1999: Nvidia releases the GeForce 256
The GeForce 256 is the first commercially available consumer-grade graphics card and begins the GeForce line. It fully supports DirectX 7 and is marketed as “the world’s first GPU.”
2001: Windows XP and Mac OS X launch
Apple launches the Mac OS X operating system first. It brings many improvements and new features and the name is still in use by Apple. Microsoft launches Windows XP the same year. This is arguably the most popular Windows OS ever.
2002: Nokia releases first devices featuring Symbian S60 Operating system
The first worldwide popular smartphone OS is the Symbian S60. It is developed by Nokia and it made smartphones mainstream.
2003: AMD introduces the Athlon 64, the first commercially available 64-bit processor
AMD releases the Athlon 64 to great success. The CPU outperforms the Pentium 4 and ran at a max clock speed of 3.2 GHz.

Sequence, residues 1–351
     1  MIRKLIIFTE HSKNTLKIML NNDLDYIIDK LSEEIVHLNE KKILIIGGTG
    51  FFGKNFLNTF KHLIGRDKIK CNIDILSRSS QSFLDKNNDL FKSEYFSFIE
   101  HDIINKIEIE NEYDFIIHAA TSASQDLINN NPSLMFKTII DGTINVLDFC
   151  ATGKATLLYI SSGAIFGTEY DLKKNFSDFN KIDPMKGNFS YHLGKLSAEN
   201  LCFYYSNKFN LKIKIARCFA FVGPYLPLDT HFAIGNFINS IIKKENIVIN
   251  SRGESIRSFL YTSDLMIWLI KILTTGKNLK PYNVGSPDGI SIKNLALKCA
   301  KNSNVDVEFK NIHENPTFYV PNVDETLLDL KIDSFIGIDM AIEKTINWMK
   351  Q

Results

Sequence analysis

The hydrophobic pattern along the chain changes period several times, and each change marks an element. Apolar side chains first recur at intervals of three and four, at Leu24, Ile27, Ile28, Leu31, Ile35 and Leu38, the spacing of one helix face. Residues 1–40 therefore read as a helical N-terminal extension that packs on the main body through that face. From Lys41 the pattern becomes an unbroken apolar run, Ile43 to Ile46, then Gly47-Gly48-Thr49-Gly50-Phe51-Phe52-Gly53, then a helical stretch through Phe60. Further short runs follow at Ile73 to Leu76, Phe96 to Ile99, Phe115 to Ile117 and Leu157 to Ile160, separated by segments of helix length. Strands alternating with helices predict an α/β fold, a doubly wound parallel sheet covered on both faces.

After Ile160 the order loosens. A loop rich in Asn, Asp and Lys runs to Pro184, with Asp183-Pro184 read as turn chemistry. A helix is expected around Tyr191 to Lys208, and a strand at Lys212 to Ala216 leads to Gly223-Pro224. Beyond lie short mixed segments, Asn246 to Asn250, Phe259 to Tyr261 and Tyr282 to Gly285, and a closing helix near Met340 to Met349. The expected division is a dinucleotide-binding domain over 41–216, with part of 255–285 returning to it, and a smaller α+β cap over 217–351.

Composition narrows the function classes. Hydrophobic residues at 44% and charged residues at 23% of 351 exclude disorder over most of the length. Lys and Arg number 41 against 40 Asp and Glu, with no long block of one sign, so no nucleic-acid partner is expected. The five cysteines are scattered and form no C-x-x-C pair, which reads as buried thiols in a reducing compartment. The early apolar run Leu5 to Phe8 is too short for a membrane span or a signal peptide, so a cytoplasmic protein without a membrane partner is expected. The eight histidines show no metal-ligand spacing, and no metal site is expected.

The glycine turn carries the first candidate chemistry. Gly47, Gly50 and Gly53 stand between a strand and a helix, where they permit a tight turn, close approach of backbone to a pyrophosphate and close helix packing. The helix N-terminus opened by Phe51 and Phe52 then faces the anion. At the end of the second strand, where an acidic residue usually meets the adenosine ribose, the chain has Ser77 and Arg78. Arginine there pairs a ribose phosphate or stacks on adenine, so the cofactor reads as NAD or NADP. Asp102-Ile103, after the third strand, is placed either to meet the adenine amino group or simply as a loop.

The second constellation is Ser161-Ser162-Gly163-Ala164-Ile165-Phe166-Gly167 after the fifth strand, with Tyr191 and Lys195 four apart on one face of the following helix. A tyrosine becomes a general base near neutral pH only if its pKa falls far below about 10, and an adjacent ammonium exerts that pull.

2005: AMD and Intel release the first dual-core CPU aimed at the consumer market
Both AMD and Intel release their first mainstream dual-core processors. The key difference was that the Athlon 64 X2 was a native dual-core CPU while the Pentium D wasn’t.
2005: Launch of YouTube
Steve Chen, Chad Hurley, and Jawed Karim found YouTube. The service sees massive growth during its first year. Google buys YouTube in 2006.
2007: Amazon releases the first Kindle
Amazon releases the Kindle and revolutionizes the way we read books.
2007: Apple unveils the first iPhone
It features a 3.5-inch screen and operating system made from the ground up for touchscreen. The device would popularize smartphones like no other smartphone before. Ultimately, the iPhone would become the most popular phone model in the world.